Latest Science and Society News

Researchers at the University of California, San Diego School of Medicine say metastatic colorectal cancer patients of African-American descent are less likely to be seen by cancer specialists or receive cancer treatments. This difference in treatment explains a large part of the 15 percent higher mortality experienced by African-American patients than non-Hispanic white patients.

 

The brain processes visual input to the level of understanding its meaning even if we never consciously perceive that input, according to new research published in Psychological Science, a journal of the Association for Psychological Science.

 

Probiotics are not new, but their status as a nutritional buzzword is. Most folks have now heard and seen the term countless times in commercials and advertisements, as yogurt, dietary supplement, natural food product, and even cosmetic companies promote their probiotic-containing products.

 

Contrary to common belief, parents do not generally treat their stepchildren less favourably than their own. Until now, many researchers believed in the so-called “Cinderella effect.” It states that it is biologically inevitable that parents care less for stepchildren because they do not spread their genes. Researchers at the Max Planck Institute for Demographic Research (MPIDR) in Rostock, Germany, have discovered an important exception. If there is a reasonable chance of increasing wealth in the parents’ environment then no difference is made between one’s own children and stepchildren. Thus, parental care depends on more than just the biological relationship.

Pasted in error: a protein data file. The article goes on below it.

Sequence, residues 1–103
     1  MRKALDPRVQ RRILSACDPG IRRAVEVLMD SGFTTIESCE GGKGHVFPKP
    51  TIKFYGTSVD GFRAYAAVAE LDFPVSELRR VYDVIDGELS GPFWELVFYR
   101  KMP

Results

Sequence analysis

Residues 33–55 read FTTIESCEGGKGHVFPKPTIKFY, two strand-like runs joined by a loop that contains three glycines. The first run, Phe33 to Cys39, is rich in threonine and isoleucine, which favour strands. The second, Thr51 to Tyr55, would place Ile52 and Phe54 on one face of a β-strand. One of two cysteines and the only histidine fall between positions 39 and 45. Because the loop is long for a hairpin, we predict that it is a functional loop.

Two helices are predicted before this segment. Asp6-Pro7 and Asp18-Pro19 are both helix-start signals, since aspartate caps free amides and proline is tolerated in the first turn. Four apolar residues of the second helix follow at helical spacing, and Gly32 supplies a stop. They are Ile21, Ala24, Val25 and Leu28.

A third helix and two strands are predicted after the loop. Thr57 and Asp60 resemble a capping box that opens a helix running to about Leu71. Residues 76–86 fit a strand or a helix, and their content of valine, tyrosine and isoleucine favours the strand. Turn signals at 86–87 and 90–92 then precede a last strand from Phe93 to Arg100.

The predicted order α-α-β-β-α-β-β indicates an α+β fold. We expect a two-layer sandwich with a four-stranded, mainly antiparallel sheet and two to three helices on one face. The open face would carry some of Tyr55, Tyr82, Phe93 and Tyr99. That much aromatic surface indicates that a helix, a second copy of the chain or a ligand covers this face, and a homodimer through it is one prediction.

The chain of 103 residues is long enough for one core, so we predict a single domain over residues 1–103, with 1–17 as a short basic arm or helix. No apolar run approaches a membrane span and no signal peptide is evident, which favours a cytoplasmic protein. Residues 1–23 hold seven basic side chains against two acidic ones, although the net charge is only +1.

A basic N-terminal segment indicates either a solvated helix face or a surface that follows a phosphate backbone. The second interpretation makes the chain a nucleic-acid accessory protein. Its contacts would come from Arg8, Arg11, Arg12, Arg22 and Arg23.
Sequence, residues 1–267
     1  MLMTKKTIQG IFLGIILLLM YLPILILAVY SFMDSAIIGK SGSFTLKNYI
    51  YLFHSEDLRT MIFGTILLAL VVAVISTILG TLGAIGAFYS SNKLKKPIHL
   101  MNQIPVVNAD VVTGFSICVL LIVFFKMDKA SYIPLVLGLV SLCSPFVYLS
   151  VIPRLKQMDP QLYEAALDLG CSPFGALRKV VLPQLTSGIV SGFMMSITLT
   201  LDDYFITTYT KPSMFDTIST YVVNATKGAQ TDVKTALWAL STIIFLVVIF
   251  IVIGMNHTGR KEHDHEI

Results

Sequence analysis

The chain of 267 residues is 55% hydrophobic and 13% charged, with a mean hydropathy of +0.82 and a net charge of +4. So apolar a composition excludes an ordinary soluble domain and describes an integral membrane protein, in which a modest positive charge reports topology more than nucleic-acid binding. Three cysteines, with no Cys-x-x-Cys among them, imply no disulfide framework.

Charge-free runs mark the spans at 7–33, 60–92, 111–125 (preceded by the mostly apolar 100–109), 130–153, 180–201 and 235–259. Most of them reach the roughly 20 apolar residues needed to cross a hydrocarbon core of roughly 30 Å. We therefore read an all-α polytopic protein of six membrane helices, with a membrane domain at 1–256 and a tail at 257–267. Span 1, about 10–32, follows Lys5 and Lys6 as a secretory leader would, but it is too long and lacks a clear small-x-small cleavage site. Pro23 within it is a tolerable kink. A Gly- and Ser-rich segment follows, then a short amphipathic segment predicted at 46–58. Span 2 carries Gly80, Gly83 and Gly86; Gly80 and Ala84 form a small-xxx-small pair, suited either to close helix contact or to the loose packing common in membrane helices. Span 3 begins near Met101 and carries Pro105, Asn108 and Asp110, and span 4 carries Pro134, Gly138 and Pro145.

A new study published in the American Journal of Preventive Medicine gives new insight into the geographic variation in drug poisoning mortality, with both urban centers and rural areas showing a large increase in death rates. While previous studies have looked at drug poisoning related deaths in broad strokes, this is the first study to examine them on the county level across the entire U.S.

 

The first study to look extensively at sexual function in women who underwent bariatric surgery found that significant improvements in overall sexual function, most reproductive hormones and in psychological status were maintained over two years following surgery. Women reporting the poorest quality of sexual function prior to surgery saw the most dramatic improvements one year after surgery, on par with women who reported the highest quality of sexual function prior to surgery.  The new report by researchers with the Perelman School of Medicine at the University of Pennsylvania appears in the November 4 edition of JAMA Surgery.